This recipe for Portuguese Doughnuts comes from a cookbook that my Portuguese relatives put together and shared with our family. Portuguese Doughnuts, also known as Sonhos (dreams), are light and airy doughnuts that are coated in white sugar.
My grandfather was born in Portugal, and he moved to the United States with his family when he was about five years old. Many of his cousins and aunts/uncles immigrated at the same time (all to California). I’m so grateful that they saved some of their favorite Portuguese recipes to pass along to our future generations.
I’ve had this family cookbook in my possession for a long time. And I’ve been eyeing this recipe for Portuguese Doughnuts too. It wasn’t until I was about to take a trip to Portugal that I finally pulled the recipe out of my collection and decided to give it a try.
How to make Portuguese Doughnuts:
Begin by heating water, butter and sugar. Bring it to a boil, and stir in the flour. At this point, the batter will look like the photo above. Transfer the batter to a bowl and let it cool. Then use an electric mixer to beat in the eggs, one at a time. Then add the lemon extract and a pinch of salt.
These Portuguese Doughnuts are super easy to make. Heat up some canola oil in a pan to 375 degrees F.
If you don’t have a thermometer for checking the temperature of the oil:
Use the handle of a wooden spoon. When the oil has preheated, dip the handle of a wooden spoon into the oil. If the oil starts steadily bubbling, then the oil is hot enough for frying. If the oil bubbles very very vigorously, then the oil is too hot and needs to cool off a touch.
Drop the doughnut batter into the hot oil by teaspoon (no bigger than an actual teaspoon because they will puff up a lot while cooking). You can fry about 15 doughnuts at a time. Fry until they are lightly browned all around. Remove with a slotted spoon onto paper towels to drain. It might take a few tries of tasting them to make sure you’re getting the interior cooked just right.
Next, the warm doughnuts get a roll in some granulated white sugar. That’s it. They’re definitely best when eaten right away. Since this recipe makes about 80 doughnut holes, I recommend that you make them on a morning where you have a few people meandering around your kitchen.
I know that 80 seems like an enormous amount, but it’s really not. As soon as you put out each batch to be eaten, they’ll be gobbled up immediately! They’re doughnut holes after all, so it’s just one bite after another.
The texture of these Portuguese Doughnuts is not like your typical sugar doughnut. Instead, they’re light and airy on the inside with a crispy exterior. There is only a tablespoon of sugar in the actual doughnut batter, and then a roll in sugar to coat the outside… so they’re not overly sweet. With lemon extract added in, you might detect a hint of lemon flavor too.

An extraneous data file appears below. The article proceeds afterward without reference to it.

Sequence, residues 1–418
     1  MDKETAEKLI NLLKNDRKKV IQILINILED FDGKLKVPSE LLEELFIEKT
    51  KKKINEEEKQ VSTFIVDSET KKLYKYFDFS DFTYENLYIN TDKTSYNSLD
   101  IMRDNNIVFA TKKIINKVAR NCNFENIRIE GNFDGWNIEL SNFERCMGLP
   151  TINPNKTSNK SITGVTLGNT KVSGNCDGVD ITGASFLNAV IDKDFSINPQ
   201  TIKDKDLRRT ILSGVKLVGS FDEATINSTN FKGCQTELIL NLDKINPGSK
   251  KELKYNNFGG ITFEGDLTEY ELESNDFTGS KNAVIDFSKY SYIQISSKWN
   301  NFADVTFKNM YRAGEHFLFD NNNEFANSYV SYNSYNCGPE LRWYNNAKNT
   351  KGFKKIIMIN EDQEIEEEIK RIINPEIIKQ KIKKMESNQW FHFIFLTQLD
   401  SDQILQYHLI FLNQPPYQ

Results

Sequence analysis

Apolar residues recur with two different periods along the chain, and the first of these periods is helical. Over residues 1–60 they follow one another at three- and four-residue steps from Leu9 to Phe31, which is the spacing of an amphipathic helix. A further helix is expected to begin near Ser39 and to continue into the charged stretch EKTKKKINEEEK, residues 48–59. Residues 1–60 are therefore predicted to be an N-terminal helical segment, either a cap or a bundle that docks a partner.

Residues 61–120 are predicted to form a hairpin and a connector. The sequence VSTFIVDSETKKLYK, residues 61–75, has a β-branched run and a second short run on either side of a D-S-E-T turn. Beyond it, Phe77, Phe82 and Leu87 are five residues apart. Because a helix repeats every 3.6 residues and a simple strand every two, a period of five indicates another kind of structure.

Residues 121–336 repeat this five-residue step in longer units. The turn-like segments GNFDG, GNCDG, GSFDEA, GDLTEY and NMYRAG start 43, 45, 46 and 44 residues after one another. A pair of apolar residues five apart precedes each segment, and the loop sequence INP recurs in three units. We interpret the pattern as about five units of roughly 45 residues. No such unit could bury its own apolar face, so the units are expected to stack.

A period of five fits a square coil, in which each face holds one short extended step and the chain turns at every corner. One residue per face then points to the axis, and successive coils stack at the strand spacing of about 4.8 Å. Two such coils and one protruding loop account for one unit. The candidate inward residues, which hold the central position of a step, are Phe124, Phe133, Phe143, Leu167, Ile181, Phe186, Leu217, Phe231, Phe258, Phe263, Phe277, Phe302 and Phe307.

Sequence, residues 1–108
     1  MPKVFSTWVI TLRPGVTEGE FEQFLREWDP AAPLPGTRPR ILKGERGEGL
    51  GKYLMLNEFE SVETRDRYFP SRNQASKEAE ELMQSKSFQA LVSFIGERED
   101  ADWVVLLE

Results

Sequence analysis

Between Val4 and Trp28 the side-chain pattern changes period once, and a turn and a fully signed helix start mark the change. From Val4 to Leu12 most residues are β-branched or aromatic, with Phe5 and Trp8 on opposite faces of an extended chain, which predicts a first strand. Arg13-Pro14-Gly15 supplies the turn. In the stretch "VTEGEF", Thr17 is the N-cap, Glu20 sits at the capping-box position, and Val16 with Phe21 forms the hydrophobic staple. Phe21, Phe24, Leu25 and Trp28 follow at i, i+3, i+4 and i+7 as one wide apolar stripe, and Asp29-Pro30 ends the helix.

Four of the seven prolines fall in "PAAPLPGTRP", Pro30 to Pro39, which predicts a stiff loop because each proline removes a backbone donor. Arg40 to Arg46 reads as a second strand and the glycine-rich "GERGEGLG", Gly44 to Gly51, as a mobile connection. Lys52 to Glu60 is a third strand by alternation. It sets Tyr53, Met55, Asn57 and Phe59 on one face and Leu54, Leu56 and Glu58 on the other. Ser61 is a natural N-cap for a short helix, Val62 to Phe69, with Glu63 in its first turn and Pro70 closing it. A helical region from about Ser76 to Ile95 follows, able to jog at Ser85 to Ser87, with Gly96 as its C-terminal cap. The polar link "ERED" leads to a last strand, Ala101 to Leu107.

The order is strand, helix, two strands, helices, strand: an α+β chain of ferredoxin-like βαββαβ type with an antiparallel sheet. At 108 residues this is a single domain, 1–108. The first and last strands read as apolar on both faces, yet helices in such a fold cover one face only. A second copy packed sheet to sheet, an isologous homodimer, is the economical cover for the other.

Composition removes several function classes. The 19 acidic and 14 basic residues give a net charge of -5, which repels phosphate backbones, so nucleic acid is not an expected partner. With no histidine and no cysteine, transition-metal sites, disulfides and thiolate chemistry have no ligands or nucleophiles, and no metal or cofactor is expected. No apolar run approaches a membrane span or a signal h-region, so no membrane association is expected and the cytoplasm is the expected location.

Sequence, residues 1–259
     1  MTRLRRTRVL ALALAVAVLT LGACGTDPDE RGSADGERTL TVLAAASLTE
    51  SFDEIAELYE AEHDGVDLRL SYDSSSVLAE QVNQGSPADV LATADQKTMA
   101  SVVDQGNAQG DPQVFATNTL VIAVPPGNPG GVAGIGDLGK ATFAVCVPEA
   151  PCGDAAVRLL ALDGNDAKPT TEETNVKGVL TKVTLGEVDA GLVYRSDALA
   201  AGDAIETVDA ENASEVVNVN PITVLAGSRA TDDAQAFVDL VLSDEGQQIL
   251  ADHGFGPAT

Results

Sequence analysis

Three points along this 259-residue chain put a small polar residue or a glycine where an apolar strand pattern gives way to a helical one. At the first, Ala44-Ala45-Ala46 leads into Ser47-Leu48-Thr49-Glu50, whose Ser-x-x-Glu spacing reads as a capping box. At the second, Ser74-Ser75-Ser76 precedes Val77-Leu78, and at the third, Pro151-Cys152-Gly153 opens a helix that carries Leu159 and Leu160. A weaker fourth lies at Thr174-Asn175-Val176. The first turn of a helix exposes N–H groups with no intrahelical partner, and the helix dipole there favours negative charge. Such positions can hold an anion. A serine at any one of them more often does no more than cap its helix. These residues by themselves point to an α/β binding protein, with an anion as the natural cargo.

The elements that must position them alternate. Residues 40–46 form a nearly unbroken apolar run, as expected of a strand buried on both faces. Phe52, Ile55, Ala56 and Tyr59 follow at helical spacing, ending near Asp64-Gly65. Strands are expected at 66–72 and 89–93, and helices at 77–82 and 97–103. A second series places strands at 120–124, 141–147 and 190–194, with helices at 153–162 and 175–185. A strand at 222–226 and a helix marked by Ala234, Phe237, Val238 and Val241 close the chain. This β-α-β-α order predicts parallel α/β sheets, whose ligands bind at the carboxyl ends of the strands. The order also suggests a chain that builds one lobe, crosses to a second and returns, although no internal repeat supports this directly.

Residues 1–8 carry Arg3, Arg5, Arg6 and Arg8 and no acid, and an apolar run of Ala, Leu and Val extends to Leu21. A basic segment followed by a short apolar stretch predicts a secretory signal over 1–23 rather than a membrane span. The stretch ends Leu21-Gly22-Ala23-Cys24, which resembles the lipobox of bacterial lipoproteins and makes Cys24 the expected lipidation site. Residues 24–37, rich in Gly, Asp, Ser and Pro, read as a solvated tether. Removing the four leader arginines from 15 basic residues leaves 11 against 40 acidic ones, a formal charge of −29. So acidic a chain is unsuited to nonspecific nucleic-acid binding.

I sampled as many pastries as I could get my hands on in Portugal, and I never did find anything super close to these. There is one thing to note that is kind of interesting. Most Portuguese pastries are not super sweet and sugary. Sometimes I’d order something in a pastry shop in Portugal that looked like a decadent treat, and it was really just kind of minimally sweet and okay. American pastries are vastly different because we use so much sugar and fat in our baked goods. It’s an interesting comparison for sure.
These little Portuguese Doughnuts are delicious bites of sweetness, and they’re perfect for a weekend morning!
If you’re looking for more Portuguese style recipes, you might like to try:
- Portuguese Sweet Bread
- Portuguese Salad
- Orange Cake (Bolo de Laranja)
- Portuguese Caldo Verde
- Pork Stew with Clams, Mussels and Spicy Red Pepper Sauce
- Portuguese Roasted Potatoes
- Portuguese Kale Soup
- Green Olive Dip (Pate de Azeitonas Verdes)
Portuguese Doughnuts (Sonhos)
- 1 cup water
- 1/4 cup (1/2 stick) butter
- 1 tablespoon granulated white sugar
- 1 cup all purpose flour
- 4 large eggs
- 1/2 teaspoon lemon extract
- pinch of salt
- canola oil, for frying
- granulated white sugar, for rolling
- In a medium saucepan, combine the water, butter and sugar. Bring to a boil, then turn off the heat and stir in the flour. Stir until the mixture forms a ball. Move the batter to a medium bowl and let cool.
- Use an electric mixer to beat in the eggs, one at a time. Add lemon extract and a pinch of salt.
- Fill a medium pot with about 3 inches of canola or vegetable oil and heat over medium-high heat until it reaches a temperature of 375 degrees. See Recipe Notes below if you don't have a thermometer to check the temperature.
- Drop the doughnut batter into the hot oil by teaspoon (no bigger than an actual teaspoon because they will puff up a lot while cooking). You can fry about 15 doughnuts at a time. Fry until they are lightly browned all around. Remove with a slotted spoon onto paper towels to drain.
- Roll in sugar while the doughnuts are still warm, and serve immediately.
- If you don't have a thermometer for checking the temperature of the oil: Use the handle of a wooden spoon. When the oil has preheated, dip the handle of a wooden spoon into the oil. If the oil starts steadily bubbling, then the oil is hot enough for frying. If the oil bubbles very very vigorously, then the oil is too hot and needs to cool off a touch.